Why the Australian property market is a national obsession

Friday 07 Aug 2020

Australians love talking about property, whether it’s at family barbecues, the school pick-up gate or the office kitchen. In fact, 2019 research by HSBC bank identified Australia as the seventh-highest property-obsessed nation in the world – we spend more hours preoccupied with the property market than we do at the gym or speaking to our parents.

Certainly, the performance of the property market over the past three decades has given us plenty to talk about. Through a variety of factors (low interest rates, eager investors, tax concessions and foreign investment, to name a few), Australian property has become some of the world’s most valuable – a two-bedroom, two-bathroom apartment in Sydney is worth more than a renovated, nine-bedroom, 13th-century chateau on 7,500 square metres of parkland in France

Australians’ love affair with property has seen the market weather many storms. And so, in the midst of one of our most unpredictable storms to date, we look at how this passion was sparked and why it endures.

A cultural connection

Owning your own home has long been part of the great Australian dream. The post-WWII immigration wave saw a new demographic of buyers seeking an opportunity that wasn’t available in their home countries. During this period leading up to the 1980s, home ownership jumped from about 50% to 70-75%. Today, home ownership is still associated with security and success, with three-quarters of the population viewing it as one of their foremost aspirations, according to a 2017 Australian National University poll.

A preferred investment asset

While we have an undeniable emotional connection to the idea of home ownership, we also see it as a great way to boost our wealth. ‘Australians love their real estate,’ confirms Adrian Kelly, president of the Real Estate Institute of Australia. ‘The stock market can be unstable, so property is often seen as a more stable life raft. Many people wary of the stock market’s peaks and valleys are more inclined to put their hard-earned savings into bricks and mortar.’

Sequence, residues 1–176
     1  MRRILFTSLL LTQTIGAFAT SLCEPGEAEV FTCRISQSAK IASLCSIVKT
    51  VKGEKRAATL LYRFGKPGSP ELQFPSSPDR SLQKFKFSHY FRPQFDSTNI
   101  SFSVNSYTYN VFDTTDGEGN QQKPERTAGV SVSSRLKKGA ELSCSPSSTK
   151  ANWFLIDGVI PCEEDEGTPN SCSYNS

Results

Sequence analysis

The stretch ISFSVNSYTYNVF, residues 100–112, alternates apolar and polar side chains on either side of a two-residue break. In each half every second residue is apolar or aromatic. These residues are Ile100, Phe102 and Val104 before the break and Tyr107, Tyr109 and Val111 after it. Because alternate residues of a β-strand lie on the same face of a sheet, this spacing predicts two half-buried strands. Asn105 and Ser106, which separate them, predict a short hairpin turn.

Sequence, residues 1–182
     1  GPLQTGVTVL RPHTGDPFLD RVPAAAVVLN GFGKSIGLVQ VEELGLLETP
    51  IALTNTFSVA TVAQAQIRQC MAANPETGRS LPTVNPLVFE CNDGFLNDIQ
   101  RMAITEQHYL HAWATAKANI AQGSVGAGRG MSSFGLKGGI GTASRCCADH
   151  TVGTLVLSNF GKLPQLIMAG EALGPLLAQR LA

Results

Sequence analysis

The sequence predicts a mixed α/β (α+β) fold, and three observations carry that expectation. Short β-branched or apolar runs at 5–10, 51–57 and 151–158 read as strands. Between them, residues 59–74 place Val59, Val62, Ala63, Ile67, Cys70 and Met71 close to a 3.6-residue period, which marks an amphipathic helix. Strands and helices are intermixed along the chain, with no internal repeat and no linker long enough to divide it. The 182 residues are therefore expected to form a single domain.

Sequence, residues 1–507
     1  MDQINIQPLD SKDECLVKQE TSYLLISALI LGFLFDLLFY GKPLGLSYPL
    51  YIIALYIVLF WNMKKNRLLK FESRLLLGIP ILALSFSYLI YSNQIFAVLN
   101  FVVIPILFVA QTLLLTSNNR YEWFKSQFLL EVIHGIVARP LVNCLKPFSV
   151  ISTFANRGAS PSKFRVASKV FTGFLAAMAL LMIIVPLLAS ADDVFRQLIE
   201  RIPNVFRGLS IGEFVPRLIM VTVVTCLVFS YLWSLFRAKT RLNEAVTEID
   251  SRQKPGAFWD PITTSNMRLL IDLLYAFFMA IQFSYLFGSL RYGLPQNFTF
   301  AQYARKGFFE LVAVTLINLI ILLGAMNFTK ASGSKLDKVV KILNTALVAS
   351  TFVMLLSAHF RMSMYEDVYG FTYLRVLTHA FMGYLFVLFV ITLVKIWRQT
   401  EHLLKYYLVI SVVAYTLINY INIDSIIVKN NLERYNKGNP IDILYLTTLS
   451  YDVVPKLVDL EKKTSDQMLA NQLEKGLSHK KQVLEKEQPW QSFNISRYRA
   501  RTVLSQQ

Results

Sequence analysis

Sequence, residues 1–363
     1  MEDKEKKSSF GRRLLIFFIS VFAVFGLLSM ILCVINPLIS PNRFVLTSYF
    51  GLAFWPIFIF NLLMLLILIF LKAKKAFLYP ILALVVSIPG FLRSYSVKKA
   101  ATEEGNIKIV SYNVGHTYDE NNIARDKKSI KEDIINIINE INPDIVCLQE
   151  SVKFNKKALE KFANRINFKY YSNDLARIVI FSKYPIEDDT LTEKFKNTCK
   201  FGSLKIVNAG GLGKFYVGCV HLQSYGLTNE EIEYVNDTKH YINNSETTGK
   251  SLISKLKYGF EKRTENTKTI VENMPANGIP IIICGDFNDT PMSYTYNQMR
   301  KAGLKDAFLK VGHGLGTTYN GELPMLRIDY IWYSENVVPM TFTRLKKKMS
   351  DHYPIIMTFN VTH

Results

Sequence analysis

Certainly, those who put their dollars into bricks and mortar in the 1990s have seen some phenomenal returns. In 1993, the median house and unit values in Australia were $111,524 and $123,840 respectively. Fast forward to 2018 and houses had seen a 412% increase in value, while units had increased 316%. At that same projected rate of growth, an Aussie/Core Logic Housing Trends report suggests that by the year 2043, Sydney houses would be worth more than $6.3 million on average, with Melbourne properties not far behind at $5.8 million.

Of course that’s a simplistic projection that doesn’t take variances of supply and demand into account, but the fact remains that over the past three decades, property returns have far outweighed stock market returns; in the period examined for the report, the ASX All Ordinaries index has risen by a much lower 261%.

Resilience… and looking towards the future

The combination of our cultural values and investment savvy go some way to explaining why the Australian housing market has historically remained resilient against economic shocks. Following the 2008 Global Financial Crisis, for example, property prices only declined for one of the five subsequent years – down 4.8% year on year in 2010 before bouncing back 2.1% and 9.3% in 2011 and 2012.

In the midst of COVID-19, the take-home message is that although the market could expect some disruption in the short term, the future looks bright. Overall, Australia’s housing market has shown consistent price growth.